Farah (or more often ‘Woff by Farah’) is another brand that keeps coming up when shopping vintage menswear, so far in wardrobe staples like those pictured above from the shop—the blue blazer with gold buttons, wool trousers, striped suspenders, a tweed sport coat… Or else mainstays are the only Farah items that I notice (and the rest is better forgotten). From its website, I learned that the Farah brand is still in business in the UK today (no mention of Woff by Farah). And that Farah started in the 1920s as an American manufacturer of work shirts and work pants and converted to military production during World War II. The brand became famous for their hopsack canvas trousers in 1970s and 1980s Britain, where hipsters appropriated the working class slacks as a counter culture statement.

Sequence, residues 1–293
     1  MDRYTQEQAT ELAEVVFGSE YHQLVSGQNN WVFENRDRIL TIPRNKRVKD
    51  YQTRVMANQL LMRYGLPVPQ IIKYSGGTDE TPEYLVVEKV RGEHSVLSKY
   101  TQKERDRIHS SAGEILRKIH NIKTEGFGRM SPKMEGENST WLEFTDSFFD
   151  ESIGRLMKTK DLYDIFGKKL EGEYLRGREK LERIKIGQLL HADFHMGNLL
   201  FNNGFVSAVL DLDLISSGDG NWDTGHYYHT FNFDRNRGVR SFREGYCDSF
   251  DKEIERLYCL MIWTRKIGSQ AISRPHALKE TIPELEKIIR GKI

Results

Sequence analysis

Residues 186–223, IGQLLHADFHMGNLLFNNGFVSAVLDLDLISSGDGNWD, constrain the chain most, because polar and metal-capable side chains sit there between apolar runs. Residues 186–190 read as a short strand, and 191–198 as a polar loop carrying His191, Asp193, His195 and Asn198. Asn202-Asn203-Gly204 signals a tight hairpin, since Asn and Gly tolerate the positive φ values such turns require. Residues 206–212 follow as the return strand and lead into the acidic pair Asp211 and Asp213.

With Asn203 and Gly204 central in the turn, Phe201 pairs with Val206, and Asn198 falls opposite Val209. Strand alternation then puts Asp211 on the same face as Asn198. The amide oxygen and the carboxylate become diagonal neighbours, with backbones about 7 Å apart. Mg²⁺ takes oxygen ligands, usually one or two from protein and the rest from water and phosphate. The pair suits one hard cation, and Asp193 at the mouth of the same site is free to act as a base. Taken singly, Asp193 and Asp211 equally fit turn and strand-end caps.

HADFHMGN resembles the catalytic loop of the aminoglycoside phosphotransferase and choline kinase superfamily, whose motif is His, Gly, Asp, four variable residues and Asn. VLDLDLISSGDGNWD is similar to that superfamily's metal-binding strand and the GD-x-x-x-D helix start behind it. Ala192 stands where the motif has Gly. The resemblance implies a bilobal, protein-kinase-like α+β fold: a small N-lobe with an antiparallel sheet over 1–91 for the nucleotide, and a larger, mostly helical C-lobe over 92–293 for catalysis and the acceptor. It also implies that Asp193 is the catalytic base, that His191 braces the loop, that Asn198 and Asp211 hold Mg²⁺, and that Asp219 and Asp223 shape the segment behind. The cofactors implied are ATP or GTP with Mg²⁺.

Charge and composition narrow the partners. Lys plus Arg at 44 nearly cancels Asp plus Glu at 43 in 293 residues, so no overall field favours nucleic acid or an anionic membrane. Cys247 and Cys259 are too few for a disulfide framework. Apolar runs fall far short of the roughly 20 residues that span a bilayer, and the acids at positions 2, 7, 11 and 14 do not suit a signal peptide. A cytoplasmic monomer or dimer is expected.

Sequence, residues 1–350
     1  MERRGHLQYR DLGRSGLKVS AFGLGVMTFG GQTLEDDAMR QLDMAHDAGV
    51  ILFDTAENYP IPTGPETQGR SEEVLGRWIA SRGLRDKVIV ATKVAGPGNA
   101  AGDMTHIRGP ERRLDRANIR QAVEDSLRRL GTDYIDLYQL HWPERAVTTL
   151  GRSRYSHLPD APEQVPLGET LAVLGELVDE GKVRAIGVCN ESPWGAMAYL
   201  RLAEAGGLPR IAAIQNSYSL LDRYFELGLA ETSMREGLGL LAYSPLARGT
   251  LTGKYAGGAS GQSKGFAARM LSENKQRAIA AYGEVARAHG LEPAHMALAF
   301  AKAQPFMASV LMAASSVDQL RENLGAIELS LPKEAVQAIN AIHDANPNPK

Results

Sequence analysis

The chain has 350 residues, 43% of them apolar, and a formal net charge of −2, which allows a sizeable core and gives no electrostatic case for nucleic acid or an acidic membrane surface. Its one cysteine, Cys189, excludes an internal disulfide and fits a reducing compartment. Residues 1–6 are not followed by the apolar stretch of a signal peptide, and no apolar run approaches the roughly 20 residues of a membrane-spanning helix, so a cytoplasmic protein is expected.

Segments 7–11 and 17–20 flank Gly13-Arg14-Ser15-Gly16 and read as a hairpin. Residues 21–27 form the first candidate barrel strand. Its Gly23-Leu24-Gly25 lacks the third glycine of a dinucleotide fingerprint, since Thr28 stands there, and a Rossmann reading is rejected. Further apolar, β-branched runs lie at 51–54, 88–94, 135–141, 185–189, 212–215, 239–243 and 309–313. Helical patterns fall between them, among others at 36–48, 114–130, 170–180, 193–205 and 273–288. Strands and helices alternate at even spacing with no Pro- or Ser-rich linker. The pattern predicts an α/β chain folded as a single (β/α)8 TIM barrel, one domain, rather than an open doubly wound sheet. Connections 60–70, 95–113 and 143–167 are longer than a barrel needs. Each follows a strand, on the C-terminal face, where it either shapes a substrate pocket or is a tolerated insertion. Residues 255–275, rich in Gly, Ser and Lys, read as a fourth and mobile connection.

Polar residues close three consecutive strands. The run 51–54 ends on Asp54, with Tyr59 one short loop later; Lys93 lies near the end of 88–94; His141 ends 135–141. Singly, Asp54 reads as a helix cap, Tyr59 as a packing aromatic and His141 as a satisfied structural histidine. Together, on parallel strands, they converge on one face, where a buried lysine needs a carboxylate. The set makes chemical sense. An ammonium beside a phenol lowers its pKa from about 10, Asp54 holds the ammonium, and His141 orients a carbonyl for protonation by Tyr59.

Like its Farah ancestors or cousins, Woff by Farah appears manufactured for a mass market at an affordable price point. It was never intended to represent inspired design or the height of fine tailoring, but it did achieve dependable style and quality. Today the vintage wearer can use the occasional piece to good effect or to help create a classic look, proving that even as vintage, Farah embodies the accessibility for which it was known.